STEP 4: Make the S-shaped link for the centre back. Repeat Step 1 to form another snake. Coil a tiny loop on both ends and shape the snake with the wet brushes into an S-shaped link with two large loops [6]. It should be approximately 25mm [1”] long. Note: This two-loop link will be placed at the centre back of the chain, allowing the orientation of the links to reverse direction halfway so that the two halves of the chain will be in mirror image.Untitled-3

STEP 5: Texture and cut out the clasp. Roll out some clay to a thickness of 1.25mm, using stacks of 5 playing cards or stacked black and blue graduated slats. Apply olive oil or another release agent to the texture you are using for the back of the clasp. (I chose a swirling texture to echo the shape of the links.) Place the slab of clay onto the texture sheet. Place a .75mm (green) plastic rolling spacer or a stack of 3 playing cards on either side, on top of the texture, and roll across them to texture the bottom of the clay. Place the textured clay on a lightly oiled surface and cut out a circle approximately 25mm [1”] in diameter [7]. Set it aside to dry.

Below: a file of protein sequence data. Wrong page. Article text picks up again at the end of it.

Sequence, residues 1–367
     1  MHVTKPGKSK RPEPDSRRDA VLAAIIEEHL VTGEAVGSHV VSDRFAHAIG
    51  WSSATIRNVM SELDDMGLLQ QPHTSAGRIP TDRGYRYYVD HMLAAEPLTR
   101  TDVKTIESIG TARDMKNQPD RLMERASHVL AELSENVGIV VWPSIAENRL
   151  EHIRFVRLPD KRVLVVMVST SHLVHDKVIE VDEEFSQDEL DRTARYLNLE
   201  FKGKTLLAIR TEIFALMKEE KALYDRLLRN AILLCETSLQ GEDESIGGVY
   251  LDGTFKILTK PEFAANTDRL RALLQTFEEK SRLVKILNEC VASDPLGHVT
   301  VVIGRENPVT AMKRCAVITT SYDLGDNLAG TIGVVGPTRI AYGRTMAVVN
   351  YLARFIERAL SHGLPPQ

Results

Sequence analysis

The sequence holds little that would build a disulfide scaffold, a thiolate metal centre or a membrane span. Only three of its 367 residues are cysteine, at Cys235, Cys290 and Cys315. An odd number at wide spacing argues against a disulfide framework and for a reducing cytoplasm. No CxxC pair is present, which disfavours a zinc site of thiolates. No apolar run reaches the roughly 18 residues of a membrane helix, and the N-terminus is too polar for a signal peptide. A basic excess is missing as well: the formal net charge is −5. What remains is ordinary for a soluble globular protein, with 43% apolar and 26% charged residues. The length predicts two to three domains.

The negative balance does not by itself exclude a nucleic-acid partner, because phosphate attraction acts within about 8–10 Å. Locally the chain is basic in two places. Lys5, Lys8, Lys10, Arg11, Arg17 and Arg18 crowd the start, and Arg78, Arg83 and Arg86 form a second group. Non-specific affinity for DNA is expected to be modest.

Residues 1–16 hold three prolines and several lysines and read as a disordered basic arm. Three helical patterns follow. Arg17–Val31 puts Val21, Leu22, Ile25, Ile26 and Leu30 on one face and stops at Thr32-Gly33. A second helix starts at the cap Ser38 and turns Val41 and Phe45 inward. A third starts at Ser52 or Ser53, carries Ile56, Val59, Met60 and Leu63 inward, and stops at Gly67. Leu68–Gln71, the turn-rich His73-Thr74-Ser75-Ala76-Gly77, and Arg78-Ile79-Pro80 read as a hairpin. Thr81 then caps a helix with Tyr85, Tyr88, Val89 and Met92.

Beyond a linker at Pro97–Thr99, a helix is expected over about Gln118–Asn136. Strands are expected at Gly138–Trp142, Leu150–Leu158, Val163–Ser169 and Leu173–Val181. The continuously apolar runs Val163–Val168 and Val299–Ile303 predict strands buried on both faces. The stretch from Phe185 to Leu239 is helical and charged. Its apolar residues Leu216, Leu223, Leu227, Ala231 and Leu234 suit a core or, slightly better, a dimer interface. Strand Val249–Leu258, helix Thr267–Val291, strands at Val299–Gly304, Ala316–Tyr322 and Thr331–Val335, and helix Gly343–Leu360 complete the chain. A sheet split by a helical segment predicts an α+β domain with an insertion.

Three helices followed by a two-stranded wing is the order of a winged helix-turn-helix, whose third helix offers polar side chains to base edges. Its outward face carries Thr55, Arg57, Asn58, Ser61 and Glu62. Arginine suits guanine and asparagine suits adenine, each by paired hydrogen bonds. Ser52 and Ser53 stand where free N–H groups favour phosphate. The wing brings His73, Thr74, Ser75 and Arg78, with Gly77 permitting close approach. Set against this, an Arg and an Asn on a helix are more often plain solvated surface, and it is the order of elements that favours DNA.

STEP 6: Make the spiral and hook components for the clasp. Repeat Step 1 to form another snake. Shape it with the wet brushes into a tight spiral coil. Slice the tail of the snake on the diagonal to taper it before completing the spiral [8] so that the coil forms a neat circle. Smooth the edges of the coil with the water brush and then set it aside to dry. Make two additional, identical coils (three in total), making sure to coil them all in the same direction. Roll out some clay into a long, narrow strip at a thickness of 1mm, using blue graduated plastic rolling slats or stacks of 4 playing cards, and cut a strip 3mm x 20mm [1/8” x 13/16”]. Form the clay strip around an oiled 4mm diameter straw and curve one tip of the strip slightly upward [9] to make the first hook for the clasp. Allow the hook to dry, propping the straw so that nothing touches the clay as it dries. Make a second, matching hook. Note: Don’t worry about the size of the openings. They probably will sag a bit during firing anyway and can be reshaped afterward.Untitled-5